Scar-Jo? Oh, no. Tough luck, Tila Tequila. Megan Fox? Meh.
Halle Berry blew 'em all out of the water, scoring the coveted title of Esquire magazine's "Sexiest Woman Alive" in the November issue. At 42, with a baby under her belt and an Oscar on her mantel, she manages to eclipse starlets nearly half her age, and even she seems surprised.
"I've been in the business for more than 20 years, and you decide now, at this particular time, that I'm the sexiest woman alive? Come on. I mean, you couldn't go with the Bond-girl year?" she says in Esquire.
Apparently, age has given Berry the opportunity to reflect on what's really sexy. Hint: It's not made of silicone, and it can't be bought at Victoria's Secret.
"I know damned well I'm sexier now than I used to be," she says. "Let me make an argument here -- not so much for me, or even for my age being sexy but for what I've learned. I've picked up a little over the years. Sexy is not about wearing sexy clothes or shaking your booty until you damn near get hip dysplasia; it's about knowing that sexiness is a state of mind -- a comfortable state of being."
The conventional wisdom in Hollywood has long been that by 40 an actress, musician or model has reached her expiration date and can kiss her career goodbye.
But along with Berry, the original supermodels of the '80s and '90s -- Linda Evangelista, Christy Turlington and Claudia Schiffer -- and 40-something actresses like Brooke Shields, Mary-Louise Parker and Debra Messing are challenging that notion by continuing to work on major advertising campaigns and hit television shows.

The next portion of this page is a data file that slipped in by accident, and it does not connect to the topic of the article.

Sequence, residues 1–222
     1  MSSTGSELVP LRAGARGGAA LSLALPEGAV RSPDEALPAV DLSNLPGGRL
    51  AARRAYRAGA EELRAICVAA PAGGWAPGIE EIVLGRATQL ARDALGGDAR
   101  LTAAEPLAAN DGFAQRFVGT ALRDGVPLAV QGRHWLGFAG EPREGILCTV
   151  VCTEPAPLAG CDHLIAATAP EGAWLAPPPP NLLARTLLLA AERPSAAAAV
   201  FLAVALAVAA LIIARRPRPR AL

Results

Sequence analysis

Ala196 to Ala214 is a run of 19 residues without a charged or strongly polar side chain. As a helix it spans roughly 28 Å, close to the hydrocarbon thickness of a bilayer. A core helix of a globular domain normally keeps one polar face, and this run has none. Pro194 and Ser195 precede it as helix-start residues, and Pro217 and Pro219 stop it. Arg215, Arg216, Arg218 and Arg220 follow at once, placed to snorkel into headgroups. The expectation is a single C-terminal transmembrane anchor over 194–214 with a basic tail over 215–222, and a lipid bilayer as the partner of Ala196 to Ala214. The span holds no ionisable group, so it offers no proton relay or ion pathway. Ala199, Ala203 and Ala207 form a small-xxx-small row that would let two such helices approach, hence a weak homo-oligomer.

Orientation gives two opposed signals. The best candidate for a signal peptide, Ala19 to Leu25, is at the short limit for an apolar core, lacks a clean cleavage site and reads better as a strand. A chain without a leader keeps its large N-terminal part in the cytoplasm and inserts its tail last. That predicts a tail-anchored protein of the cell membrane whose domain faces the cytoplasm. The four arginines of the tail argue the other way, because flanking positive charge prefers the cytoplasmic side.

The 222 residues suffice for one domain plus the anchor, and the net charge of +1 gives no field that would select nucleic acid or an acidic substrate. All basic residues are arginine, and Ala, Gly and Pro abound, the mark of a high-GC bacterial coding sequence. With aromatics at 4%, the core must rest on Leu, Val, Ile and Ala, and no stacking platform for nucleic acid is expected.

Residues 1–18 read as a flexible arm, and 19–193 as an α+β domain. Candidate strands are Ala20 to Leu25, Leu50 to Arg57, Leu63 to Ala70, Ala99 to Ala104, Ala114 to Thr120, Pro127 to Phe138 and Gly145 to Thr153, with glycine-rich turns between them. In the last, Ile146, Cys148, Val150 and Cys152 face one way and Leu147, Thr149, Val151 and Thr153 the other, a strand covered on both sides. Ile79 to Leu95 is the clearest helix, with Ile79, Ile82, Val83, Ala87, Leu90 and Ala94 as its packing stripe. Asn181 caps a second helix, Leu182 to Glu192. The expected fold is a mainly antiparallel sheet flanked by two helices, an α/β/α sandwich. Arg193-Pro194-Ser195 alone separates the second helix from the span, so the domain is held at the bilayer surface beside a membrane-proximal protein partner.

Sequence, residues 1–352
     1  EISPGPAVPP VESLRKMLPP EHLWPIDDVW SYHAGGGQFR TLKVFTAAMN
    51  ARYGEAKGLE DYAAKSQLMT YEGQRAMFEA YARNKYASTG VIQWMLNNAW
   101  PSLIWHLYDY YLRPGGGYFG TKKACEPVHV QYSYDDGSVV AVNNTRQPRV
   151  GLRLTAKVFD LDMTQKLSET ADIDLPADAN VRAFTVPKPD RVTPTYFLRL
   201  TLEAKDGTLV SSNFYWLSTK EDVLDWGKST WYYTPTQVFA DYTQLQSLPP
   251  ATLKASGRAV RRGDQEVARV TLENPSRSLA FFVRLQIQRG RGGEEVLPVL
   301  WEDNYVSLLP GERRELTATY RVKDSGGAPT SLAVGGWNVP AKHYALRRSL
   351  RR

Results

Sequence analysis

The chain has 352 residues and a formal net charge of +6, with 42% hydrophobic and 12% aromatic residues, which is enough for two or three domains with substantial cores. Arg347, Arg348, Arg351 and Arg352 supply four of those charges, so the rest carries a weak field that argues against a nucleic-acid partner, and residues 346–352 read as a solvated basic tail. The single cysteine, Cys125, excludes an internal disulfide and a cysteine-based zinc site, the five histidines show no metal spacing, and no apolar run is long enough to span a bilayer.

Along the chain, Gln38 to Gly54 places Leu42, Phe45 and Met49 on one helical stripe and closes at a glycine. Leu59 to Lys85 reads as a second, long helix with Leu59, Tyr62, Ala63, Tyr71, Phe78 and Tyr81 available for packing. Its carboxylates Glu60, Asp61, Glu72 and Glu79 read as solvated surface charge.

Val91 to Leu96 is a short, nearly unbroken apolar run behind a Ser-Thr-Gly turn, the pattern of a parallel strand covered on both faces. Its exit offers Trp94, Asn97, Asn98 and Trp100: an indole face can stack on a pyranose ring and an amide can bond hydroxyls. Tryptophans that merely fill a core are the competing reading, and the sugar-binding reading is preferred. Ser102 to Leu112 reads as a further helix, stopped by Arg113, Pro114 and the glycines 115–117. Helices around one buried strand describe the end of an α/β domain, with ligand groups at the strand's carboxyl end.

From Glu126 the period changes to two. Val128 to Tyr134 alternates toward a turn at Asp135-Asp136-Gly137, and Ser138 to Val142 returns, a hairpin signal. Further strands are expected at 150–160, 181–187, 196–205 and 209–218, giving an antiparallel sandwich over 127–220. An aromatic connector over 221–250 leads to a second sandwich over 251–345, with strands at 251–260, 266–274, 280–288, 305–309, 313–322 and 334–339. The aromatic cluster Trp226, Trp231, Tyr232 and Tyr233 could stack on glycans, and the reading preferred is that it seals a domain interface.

"Women in their 40s are here and they're not going anywhere," said Albert Lee, a senior editor at Us Weekly magazine. "In politics, media and fashion, everyone is finally waking up to this sleeping giant demographic. These are the women at the hub of our culture."
Among the celebrities who have joined Club 40 are Courtney Cox, Vanessa Williams, Nicole Kidman and Janet Jackson. And with some notable exceptions, a lot of these women seem to be aging gracefully, without overdoing the Botox.
Take Madonna: The reigning queen of pop music turned 50 in August, days before kicking off her Sticky & Sweet tour, which is winning rave reviews as it sweeps the country. Time hasn't toned down the Material Girl. Her show is as aerobic as it is musical -- with her rock-hard thighs, resounding voice and ability to craft hits that are as catchy today as her classics were in the '80s and '90s, she's pratically the prototype for how to get better with age.
"Women aren't as afraid to grow older," Lee said. "It's about retaining their femininity and owning it in a way that's not desperate, like, 'I'm a 42-year-old woman who wants to look like 18. I can still go get my hair blown out and buy some nice makeup and go to yoga and Pilates classes. Before it was either give up and put on some high-waisted mom jeans and drive a minivan or try to stay forever young wearing dresses with a hem too high and a bust too low and become the mom everybody whispers about. Now there's a middle path."
Lee believes women in their 40s have finally captured the imagination of advertisers and media executives, who are taking notice of this largely untapped market.